Family saga set in hostile conditions
In The Lost Man, Jane Harper surpasses her achievement in The Dry, her multi-awardwinning first novel. A broad range of Australian and international readers will be engaged by the strong setting and mystery storyline of the new novel, not least grey nomads and backpacking travellers.
As in The Dry and her second novel, Force of Nature, Harper focuses on a cluster of characters in an inherently challenging natural environment. This story is set in southwest Queensland, where the treeless terrain is dry for 11 months of the year and flooded for the 12th. Afternoon temperatures can reach 45C. Out here, a person alone, unsheltered and without water, food and telecommunications cannot expect to live for more than a day or two.
Harper invokes the desolating nearness of the almost impassable Simpson Desert to the west, while stopping short of bringing desertification, climate change and the future viability of arid-zone pastoralism into her plot. The book’s key death takes place in December, with the imminence of Christmas, that beacon for commercial storytellers, signalling the likelihood of an ending that comforts with at least some reconciliation and peace.
Not without reason, Australians perpetuate fears of loved ones losing their way or being stranded. It’s a tradition analysed by the late Peter Pierce in his The Country of Lost Children: An Australian Anxiety. With indigenous tales not in her purview, Harper alludes to European Australians’ colonial and 20thcentury accounts of deaths in risky natural conditions. The high mortality rates among early settlers’ babies in outback Queensland are noted too. This environment is haunted. When the wind blows, spirals of dust rise like apparitions and the voices of lost children sound in the air like dingo howls.
New Zealand’s Man Alone tradition is also relevant. The person who subsists far from society, suffering in their alienation, is a person courting suicide. The lone man’s travails may look like punishment in a deterministic universe; his musings may verge on nihilism and existentialism. Harper makes strenuous use of the words “empty” and “nothing”. Metaphorically this is telling, although on the literal level it jars in a time when we’ve learned from ecologists and first peoples that wildernesses are complex environments.
Harper gives her readers several lost men. In her cinematic prologue, she introduces two men lost to the living 100-plus years apart. A lone headstone marks the burial place of a stockman whose name is now indecipherable; only the biblical-pastoral words “who went astray” are still discernible low on the stone. Marks in the red dust form a circle surrounding the headstone, while on the bare ground at the base of the stone lies a body.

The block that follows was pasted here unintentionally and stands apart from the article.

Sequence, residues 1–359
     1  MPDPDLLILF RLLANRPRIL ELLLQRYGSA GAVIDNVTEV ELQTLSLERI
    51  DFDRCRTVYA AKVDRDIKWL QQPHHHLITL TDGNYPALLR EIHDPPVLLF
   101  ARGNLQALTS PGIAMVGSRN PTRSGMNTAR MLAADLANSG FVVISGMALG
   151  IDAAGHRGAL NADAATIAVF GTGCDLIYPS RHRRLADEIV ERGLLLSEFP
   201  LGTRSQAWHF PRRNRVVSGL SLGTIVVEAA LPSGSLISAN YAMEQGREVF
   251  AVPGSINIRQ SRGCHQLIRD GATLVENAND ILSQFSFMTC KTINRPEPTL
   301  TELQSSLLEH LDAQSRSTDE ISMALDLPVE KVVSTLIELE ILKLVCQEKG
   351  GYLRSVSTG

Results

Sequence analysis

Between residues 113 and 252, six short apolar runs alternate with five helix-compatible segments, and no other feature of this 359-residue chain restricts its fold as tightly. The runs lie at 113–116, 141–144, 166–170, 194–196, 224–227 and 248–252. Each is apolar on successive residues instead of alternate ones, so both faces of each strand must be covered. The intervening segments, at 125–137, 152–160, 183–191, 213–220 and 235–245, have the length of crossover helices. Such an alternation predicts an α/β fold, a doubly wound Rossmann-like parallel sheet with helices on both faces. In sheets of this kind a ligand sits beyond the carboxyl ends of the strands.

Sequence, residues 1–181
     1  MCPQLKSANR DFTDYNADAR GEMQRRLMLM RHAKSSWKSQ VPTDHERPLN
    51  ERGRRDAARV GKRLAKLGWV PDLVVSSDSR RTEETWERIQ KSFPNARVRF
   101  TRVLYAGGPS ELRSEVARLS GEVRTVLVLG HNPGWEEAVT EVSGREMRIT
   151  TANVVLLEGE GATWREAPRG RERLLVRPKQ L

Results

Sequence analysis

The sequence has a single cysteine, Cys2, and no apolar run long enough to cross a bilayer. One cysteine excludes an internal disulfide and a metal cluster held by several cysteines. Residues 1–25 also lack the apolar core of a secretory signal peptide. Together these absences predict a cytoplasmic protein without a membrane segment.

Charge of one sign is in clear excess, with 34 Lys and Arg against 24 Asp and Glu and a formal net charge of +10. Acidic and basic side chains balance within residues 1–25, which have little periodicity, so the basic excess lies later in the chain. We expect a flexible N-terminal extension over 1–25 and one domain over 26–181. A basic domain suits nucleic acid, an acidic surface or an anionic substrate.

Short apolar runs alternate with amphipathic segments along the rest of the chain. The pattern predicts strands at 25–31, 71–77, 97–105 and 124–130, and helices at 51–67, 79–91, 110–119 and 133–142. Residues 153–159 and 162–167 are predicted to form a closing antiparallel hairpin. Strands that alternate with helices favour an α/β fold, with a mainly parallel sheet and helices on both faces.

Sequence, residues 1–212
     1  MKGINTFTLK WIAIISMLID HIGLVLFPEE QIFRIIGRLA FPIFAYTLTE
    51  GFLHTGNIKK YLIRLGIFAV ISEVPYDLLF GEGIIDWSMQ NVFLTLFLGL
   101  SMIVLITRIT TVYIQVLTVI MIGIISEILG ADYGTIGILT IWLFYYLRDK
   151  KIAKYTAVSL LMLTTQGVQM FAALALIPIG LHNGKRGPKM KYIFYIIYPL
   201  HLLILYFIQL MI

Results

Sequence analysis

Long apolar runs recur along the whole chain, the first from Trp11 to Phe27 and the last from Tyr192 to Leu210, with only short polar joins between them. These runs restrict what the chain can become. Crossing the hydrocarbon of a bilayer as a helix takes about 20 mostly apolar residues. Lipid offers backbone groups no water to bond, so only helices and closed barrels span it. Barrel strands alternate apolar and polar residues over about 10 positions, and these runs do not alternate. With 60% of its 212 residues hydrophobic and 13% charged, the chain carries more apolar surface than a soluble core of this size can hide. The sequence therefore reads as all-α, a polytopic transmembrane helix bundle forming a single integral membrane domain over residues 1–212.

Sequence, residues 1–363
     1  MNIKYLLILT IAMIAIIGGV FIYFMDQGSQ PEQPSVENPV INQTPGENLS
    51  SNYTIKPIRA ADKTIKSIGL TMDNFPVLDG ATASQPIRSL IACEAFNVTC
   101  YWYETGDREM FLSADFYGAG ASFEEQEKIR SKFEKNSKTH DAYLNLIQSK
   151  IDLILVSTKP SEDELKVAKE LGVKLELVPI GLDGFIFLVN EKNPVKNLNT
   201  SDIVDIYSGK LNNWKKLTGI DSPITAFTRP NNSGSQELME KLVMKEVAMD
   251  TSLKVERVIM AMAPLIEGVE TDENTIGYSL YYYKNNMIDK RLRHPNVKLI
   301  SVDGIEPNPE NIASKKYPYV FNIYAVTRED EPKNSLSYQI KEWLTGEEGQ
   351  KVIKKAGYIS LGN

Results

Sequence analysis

Desperate and increasingly deranged by dehydration, cattle farmer Cameron Bright has contorted within the tiny area of shade afforded by the headstone as the sun shifted, and within 24 hours he has died. People familiar with this country can read the signs: they have seen collapsed livestock leave equivalent scrabbled marks.
The cruel image might be called Kafkaesque except that the importance of societal determinants remains to be discovered. Initially it is inexplicable how and why a man of Cameron’s lifelong outback experience has come to die in such a way.
Nathan Bright, older brother of the popular and all-round-capable Cameron, is alive yet has been lost to community and family for a decade. Living alone on a property that will never be profitable, he’s a self-sabotaging victim of divorce, depression and ostracism by townspeople for a breach of the rule of looking out for others’ welfare. It is a tough and rarely forgiving regimen under which these people survive. Xander, Nathan’s high-schooler son, is lost to him for most of each year while he studies and socialises in Brisbane. And Bub Bright, younger brother of Cameron, is an underrated and resentful man.
Interpersonal tensions are elaborated as Harper introduces the female characters living at the family homestead, with its private burial ground.
Freshly widowed Ilse, Cameron’s wife, shares responsibility for the operation of the main property, is mother to two observant young girls, and once had a brief relationship with Nathan. English backpacker Katy helps indoors while her partner labours outdoors. Liz, mother of the three Bright brothers, is the widow of patriarch Carl, who died by her side in a car accident 20-odd years ago. Nathan, Bub, and Liz share undiscussed memories of Carl’s damagingly domineering ways.
Contractors, neighbouring graziers, an honorary uncle, a conscientious nurse-practitioner, and trustworthy police officers fill out the ensemble cast. Off-screen hover Nathan’s ex-wife and another woman whose expected return threatens disruption.
As a former finance journalist, Harper convincingly integrates property division, coownership, and inheritance issues. She shows how property, employment, and family ties, along with domestic violence, can make captives of individuals across generations. Aaron Falk, the likeable financial-crimes investigator protagonist of the previous two novels, has no role in this narrative, although there is a link to the troubled families in the drought-affected badlands of The Dry.
With the novel’s action requiring long onroad and off-road journeys, The Lost Man has some characteristics of the road movie.
Harper manages to keep these excursions interesting despite her characters’ usual laconism. However, a sketch map would help prevent readers feeling disoriented.
Ultimately, characters congregate at the homestead for Cameron’s funeral and Christmas Day, with Harper delivering a culpability explanation that’s both sternly satisfying and appalling in the way of Greek tragedy. is a writer and critic.
Novelist Jane Harper puts her skills as a finance journalist to good use